Let’s scrape data about apartments located in my area (Poland, Pomeranian Voivodeship) and see where can we find the best occassions. I will scrape titles, locations, sizes and prices for apartments. Since we are based on html, our code will work as long as the structure of the page matches.

Webscraping initiation

We need to import necessary libraries. However, BeautifulSoup is not a library entering the site. It only parses, converts html to such a form that we can choose information. So we need something that will retrieve this data from our website – the request library. We can choose any information from the page that interests us. In our case, it will be the title, location, apartment area and price.

from bs4 import BeautifulSoup
from requests import get

Since I am only downloading data, we will only be interested in the GET method. So let’s create a variable that will process us the address.

URL = "https://www.olx.pl/nieruchomosci/mieszkania/sprzedaz/pomorskie/"

page = get(URL)
print(page.content, 'html.parser')

Now we need selectors to select data from the page. BeautifulSoup can operate on the content directly received from us as html. If it were rendered using javascript, we would have a problem getting the content. To do so we could use Selenium which imitates our browser. But that’s for another case.

Selectors

You can check out every webpage structure with the “Inspect” option selection (right mouse click). OLX is using quite old html setup with tables. You need to know that not every website will look like this so you need to bear in mind that technologies are changing. Anyway, the Internet is full of similar tutorials and guides and I am sure you’ll always find the right tips to apply webscraping to the site of your choice, even if it follows more modern structure than shown in my example.

Please remember also to check out BeautifulSoup documentation. We’ll use it just for one case but for sure there are more options and selectors worth investigating.

As you can see on the screenshot, in our case offer wrapper is the selector which can enable us to download any offers. As you will see in the screenshot, by selecting all selectors of this type, we can get the desired information. In order to go through all of them, we’re going to use a for loop.

You may wonder why we have used “class” with underscore. It’s because “class” word is already defined in Python syntax. However, we have used break because I want to download only one offer for an example so far.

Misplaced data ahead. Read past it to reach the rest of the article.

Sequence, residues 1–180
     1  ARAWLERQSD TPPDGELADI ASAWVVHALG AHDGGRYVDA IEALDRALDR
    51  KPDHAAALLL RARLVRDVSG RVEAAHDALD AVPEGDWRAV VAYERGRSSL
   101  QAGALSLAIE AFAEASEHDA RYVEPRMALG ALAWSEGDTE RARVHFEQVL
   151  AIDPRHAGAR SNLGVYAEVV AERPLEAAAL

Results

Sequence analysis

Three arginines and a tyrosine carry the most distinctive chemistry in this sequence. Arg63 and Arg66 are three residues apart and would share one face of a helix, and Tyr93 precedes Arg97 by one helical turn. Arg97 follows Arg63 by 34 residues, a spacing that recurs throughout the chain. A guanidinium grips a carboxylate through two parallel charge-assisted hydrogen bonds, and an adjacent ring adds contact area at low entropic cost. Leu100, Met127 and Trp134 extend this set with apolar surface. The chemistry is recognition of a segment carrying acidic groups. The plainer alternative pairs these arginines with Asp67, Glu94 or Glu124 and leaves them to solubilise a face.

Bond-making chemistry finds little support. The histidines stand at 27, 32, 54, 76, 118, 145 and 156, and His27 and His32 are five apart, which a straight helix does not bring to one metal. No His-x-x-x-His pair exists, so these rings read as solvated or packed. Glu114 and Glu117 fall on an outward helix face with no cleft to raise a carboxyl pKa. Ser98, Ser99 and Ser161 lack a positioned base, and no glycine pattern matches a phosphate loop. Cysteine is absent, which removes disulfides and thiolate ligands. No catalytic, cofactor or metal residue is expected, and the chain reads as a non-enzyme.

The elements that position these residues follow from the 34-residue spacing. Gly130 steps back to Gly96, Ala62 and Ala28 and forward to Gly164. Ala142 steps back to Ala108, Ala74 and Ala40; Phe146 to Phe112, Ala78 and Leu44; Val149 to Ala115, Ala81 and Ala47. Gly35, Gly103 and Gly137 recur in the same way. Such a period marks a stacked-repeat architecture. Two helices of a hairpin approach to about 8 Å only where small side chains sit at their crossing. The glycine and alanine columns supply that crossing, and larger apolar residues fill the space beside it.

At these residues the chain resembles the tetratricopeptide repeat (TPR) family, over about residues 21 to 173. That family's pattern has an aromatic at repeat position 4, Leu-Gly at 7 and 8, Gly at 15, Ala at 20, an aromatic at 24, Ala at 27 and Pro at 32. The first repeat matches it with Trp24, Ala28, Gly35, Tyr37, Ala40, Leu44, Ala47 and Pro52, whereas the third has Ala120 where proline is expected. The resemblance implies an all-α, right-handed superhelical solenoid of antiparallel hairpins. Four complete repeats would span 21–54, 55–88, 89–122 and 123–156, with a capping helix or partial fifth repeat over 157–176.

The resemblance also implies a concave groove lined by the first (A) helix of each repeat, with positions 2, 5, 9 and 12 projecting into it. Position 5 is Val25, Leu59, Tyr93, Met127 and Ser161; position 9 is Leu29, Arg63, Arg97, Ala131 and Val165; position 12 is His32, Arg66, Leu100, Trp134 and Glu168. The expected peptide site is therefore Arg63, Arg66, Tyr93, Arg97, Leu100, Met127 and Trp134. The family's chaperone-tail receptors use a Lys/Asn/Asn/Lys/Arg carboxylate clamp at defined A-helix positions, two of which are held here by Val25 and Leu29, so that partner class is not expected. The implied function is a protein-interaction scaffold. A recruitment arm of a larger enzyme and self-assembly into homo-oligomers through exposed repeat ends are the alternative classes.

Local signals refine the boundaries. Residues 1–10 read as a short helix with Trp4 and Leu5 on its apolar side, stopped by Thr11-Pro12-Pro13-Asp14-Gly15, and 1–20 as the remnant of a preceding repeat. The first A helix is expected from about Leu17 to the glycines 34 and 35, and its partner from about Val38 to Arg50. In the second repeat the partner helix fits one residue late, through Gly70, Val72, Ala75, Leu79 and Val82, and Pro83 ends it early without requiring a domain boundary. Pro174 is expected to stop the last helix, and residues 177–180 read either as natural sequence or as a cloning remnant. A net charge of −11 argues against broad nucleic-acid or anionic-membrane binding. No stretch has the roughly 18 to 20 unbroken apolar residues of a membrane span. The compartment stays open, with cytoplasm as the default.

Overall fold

for offer in bs.find_all('div', class_="offer-wrapper"):
   print(offer)
   break
Console output

Isn’t that beautiful? Although the website does not allow you to download this data automatically, we can easily generate it ourselves. Just remember to use BeautifulSoup and crawling for a good purpose, such as statistical analysis, as in our case. Never steal data!

Localization

Location on the website

To get localization, I will use the footer of each advertisement. This is the “bottom-cell” class. Then, in this footer, I look for a location that is a “breadcrumb” class object. To check if we chose the element correctly, we can print the variable inside the loop.

for offer in bs.find_all('div', class_='offer-wrapper'):
   footer = offer.find('td', class_="bottom-cell")
   location = footer.find('small', class_='breadcrumb').get_text()
   print(location)
   break
Console output

As you can see, we need to format this variable a bit. I would like to get rid of new lines. I can do this with the strip() method. When I remove break, I can see that cities are often given with commas.

Let’s assume that we are only interested in the city, not its district. I can tell Python that we are only interested in the first element before the comma.

for offer in bs.find_all('div', class_='offer-wrapper'):
   footer = offer.find('td', class_="bottom-cell")
   location = footer.find('small', class_='breadcrumb').get_text().strip().split(',')[0]
   print(location)
Console output

Title

Another item that I want to scrape is the title:

for offer in bs.find_all('div', class_='offer-wrapper'):
   footer = offer.find('td', class_="bottom-cell")
   location = footer.find('small', class_='breadcrumb').get_text().strip().split(',')[0]
   title = offer.find('strong').get_text().strip()

Price